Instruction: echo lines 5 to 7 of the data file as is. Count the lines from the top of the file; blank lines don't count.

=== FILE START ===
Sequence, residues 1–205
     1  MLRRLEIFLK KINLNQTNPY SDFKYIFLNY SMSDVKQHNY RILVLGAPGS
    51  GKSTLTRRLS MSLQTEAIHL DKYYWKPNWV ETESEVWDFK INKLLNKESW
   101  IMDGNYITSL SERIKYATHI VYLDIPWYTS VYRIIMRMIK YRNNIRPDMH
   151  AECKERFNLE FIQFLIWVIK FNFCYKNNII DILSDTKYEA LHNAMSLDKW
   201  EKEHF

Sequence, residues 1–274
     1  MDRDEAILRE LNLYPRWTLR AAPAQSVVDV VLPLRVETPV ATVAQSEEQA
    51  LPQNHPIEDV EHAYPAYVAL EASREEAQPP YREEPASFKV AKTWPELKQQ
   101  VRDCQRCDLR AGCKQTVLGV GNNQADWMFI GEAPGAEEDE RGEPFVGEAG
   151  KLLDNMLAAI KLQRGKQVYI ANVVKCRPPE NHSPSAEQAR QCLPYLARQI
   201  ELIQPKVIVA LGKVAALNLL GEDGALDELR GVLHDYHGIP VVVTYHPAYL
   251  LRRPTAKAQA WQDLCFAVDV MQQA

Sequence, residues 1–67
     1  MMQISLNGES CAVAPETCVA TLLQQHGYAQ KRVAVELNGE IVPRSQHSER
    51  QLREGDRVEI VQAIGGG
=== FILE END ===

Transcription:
   151  AECKERFNLE FIQFLIWVIK FNFCYKNNII DILSDTKYEA LHNAMSLDKW
   201  EKEHF

Sequence, residues 1–274